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Tuesday, May 15, 2018

Mystery surrounds the collapse of the FIU bridge

Por DamianToo

According to El Nuevo Herald digital portal, a large white crane that was working on the pedestrian bridge of the Florida International University moved away from the site shortly after the collapse of the structure on Tamiami Trail. It was a disaster; there were concrete mountains, crushed vehicles and death.


It was not until after the authorities began to wonder where the crane and the operator were, who was there when the case occurred and who could help with the investigation. But the man and the crane had disappeared. "He left with the crane and nobody stopped him", said Carl Robertson, 73, a homeless man who lives near the bridge site. Robertson was there and saw the bridge fall. He was the first person to call 911 from his old cell phone.

Photos and video taken immediately after the March 15 incident show that the crane, rented to a Sweetwater firm called George's Crane, was still on the north side of the fallen bridge. When a Miami Herald photographer took an aerial photo of the disaster about an hour later, the crane was no longer there.

While the public tries to determine exactly what happened that day the crane has become a source of speculation for amateur detectives. Readers have asked the Herald what the crane was doing and where it went. In the absence of official explanations, some have even wondered if the crane tripped over the 950-ton bridge and that caused catastrophe. Moreover, what happened to the crane operator?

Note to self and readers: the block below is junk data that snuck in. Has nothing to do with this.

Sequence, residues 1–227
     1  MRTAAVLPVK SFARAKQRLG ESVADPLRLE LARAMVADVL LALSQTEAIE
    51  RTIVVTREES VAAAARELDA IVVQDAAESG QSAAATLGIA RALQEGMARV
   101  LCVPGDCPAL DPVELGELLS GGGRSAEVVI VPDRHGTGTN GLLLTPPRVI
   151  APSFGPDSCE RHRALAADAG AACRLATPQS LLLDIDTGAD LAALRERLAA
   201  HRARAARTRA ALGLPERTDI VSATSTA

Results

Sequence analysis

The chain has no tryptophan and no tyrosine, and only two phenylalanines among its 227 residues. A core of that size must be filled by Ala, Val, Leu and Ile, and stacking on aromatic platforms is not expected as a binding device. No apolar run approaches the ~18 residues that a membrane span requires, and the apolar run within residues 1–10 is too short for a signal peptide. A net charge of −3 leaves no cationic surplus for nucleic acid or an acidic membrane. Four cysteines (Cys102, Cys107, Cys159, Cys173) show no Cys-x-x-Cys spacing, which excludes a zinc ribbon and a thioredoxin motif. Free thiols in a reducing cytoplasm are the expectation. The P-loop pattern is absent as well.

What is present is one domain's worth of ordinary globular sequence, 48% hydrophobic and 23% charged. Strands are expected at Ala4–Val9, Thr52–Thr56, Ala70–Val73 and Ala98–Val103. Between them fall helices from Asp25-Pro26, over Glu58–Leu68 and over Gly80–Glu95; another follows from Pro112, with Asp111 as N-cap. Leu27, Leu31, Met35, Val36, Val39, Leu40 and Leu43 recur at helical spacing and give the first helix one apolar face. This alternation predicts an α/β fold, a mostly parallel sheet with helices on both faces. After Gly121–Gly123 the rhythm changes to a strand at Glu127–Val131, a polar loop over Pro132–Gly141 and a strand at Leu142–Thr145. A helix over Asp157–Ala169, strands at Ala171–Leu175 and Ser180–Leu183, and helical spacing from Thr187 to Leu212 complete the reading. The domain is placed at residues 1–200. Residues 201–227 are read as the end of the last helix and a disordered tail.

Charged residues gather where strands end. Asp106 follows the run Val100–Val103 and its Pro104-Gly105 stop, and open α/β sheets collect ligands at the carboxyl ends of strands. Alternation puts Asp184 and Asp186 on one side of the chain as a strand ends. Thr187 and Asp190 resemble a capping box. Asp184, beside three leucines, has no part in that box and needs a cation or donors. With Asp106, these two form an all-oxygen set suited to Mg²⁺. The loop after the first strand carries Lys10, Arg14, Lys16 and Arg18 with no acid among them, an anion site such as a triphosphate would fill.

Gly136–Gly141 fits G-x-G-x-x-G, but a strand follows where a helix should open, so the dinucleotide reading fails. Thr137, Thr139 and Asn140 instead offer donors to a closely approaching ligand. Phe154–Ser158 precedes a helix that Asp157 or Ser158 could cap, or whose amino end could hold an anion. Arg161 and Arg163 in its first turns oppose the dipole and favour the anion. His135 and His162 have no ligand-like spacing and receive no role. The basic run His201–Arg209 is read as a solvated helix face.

This is what is known: the police do not seem to believe that the operator fled the scene or caused the collapse, which independent engineers suggest was the result of structural and design failures. Police say that the crane operator, not identified so far, went a short distance with the team and returned to offer help, but it is not clear how long he was there.

The crane was used to hoist a device to adjust the internal steel supports at about the same time the bridge collapsed, at 1:47 p.m. Robertson was within walking distance.

Within minutes of collapsing the bridge, Robertson said, the crane operator came out of the cab to untie a yellow ribbon that the FIU and Sweetwater police had tied to the machine. Then he started the crane and left Tamiami Trail to the west.

"I did not think about that until later that day", Robertson said of the crane's demise. Although he was the first to call 911, the police recordings show, the authorities never formally interviewed him.

After the Herald last week published an article about the fact that FIU engineers discovered potentially troublesome cracks on the bridge days before the collapse, Robertson called reporters to retell his story, and ask if anyone knew what had happened to the crane and the operator.

A lawyer from George's Crane (who rents hydraulic cranes up to 170 tons) offered an explanation to the Herald. Far from fleeing, the operator needed to remove the heavy equipment from the site, said attorney Bryant Blevins, because rescuers were arriving at the scene. "Emergency vehicles needed access", said Blevins. "They arrived very quickly after the collapse, at that time; I had to move the crane."

So, said Blevins, the crane operator took the equipment out of the place and took it 30 blocks north to the George's Crane yard in Sweetwater. The crane stayed there. Whatever has happened, the behavior of the operator is strange, and that bothers several lawyers involved in the case.